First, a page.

Anxiety appears in many forms and situations and begs the question: is anxiety in dogs now becoming part of a pet owner's daily life?
Unfortunately, anxiety in dogs means an unhappy dog. If, as a pet parent you have ever suffered from anxiety or anxious feelings yourself, you can understand it is most unpleasant.
Anxiety itself is not a condition rather it is in response to something your dog doesn’t like or is fearful of. In an age where stress and fear are becoming increasingly common in dogs and simply part of modern day living, what can we do to understand anxiety in dogs so we can help them?
Whilst it is worth consulting our advice on the longest lasting dog chews to offer distraction and comfort to your doggie, it’s not always straightforward as to where the anxiety is coming from. In order to help treat anxiety in dogs let's ascertain the root cause of it and course correct.
Annaliese qualified as a veterinary nurse from Edinburgh and went on to attain a diploma in advanced veterinary nursing in surgery from London. Annaliese worked in both small and mixed veterinary practices and gained head nurse status. After fifteen years of working in veterinary practice, writing veterinary and pet care books and articles, she opened her pet health spa combining vet healthcare, grooming, pet beauty and retail.
What can cause anxiety in dogs?
The Cornell University College of Veterinary Medicine lists some of the common causes of anxiety in dogs, which we explore in the list below. Should any of these ring true for your dog, it's time to seek help.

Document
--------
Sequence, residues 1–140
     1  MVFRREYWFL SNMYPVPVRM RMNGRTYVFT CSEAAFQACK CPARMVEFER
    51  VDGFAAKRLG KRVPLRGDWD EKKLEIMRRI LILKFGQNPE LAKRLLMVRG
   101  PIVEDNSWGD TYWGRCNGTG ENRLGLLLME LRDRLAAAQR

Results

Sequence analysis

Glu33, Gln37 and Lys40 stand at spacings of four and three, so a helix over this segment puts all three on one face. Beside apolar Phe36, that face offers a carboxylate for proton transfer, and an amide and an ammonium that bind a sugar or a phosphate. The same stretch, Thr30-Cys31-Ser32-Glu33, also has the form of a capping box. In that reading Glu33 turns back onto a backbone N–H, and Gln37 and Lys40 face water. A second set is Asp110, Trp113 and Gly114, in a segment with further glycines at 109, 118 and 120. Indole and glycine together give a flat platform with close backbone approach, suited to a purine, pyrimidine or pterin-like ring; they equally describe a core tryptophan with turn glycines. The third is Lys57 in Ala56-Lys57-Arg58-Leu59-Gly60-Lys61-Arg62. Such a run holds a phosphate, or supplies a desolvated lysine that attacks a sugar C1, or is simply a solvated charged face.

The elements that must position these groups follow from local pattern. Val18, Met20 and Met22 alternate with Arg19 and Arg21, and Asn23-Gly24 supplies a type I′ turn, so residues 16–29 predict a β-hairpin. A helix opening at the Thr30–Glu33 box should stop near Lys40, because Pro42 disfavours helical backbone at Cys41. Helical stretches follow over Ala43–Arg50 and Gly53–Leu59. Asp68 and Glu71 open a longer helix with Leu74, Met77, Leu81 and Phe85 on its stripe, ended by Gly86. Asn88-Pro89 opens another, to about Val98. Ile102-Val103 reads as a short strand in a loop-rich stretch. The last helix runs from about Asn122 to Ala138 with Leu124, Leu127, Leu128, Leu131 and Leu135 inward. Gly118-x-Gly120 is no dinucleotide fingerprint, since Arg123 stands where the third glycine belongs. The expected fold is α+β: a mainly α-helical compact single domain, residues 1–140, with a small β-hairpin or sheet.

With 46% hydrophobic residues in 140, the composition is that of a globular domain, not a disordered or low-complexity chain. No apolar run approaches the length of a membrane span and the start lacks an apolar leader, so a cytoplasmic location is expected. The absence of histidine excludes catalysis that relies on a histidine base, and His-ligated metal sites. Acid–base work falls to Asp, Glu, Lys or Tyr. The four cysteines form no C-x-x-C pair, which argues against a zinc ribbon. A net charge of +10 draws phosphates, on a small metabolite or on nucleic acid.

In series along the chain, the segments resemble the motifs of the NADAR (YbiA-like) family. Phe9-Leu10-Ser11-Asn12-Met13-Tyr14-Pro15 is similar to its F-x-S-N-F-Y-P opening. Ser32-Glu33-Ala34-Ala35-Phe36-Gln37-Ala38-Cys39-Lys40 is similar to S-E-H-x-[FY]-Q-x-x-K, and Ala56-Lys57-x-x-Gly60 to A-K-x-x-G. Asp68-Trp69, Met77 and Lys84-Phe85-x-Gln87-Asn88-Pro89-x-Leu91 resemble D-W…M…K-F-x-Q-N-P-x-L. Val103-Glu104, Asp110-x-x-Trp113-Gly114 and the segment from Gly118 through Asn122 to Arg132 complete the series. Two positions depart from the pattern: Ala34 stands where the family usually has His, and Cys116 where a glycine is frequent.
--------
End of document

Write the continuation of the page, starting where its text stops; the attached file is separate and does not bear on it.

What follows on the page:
A very common form of anxiety whereby dogs become anxious, disruptive and upset when left alone in the house or at places like the groomers. In extreme cases, this can occur by merely leaving the room you are both in.
Sound Sensitivity Anxiety
Another common cause of anxiety are noises, unusual sounds and loud or high-pitched bangs such as fireworks, thunderstorms, digital equipment and fighting.
Age Anxiety (Cognitive Dysfunction Syndrome)
This is noted usually in older age due to changes in the dog’s brain function. Disorientation, pacing and restlessness behaviors can all be seen. Their sleep patterns may also be interrupted.
This form occurs when your dog has either not been socialized at all or not enough when they were young. They will be happy and perfectly fine around you and other household members but not other people. This can also extend to other dogs and animals.
Dogs that have come from rescue and adoption centers can be anxious due to fear of abandonment, lack of food, and fear of people or animals.
Aggression is displayed if another approaches their space, yard, toy, bedding, treats or food. It is experienced by dogs who are anxious the object in question will be taken from them or they feel the need to defend it.
Sometimes health conditions, allergies, itchiness and pain can all cause anxiety in your dog as a secondary issue.
What are the symptoms?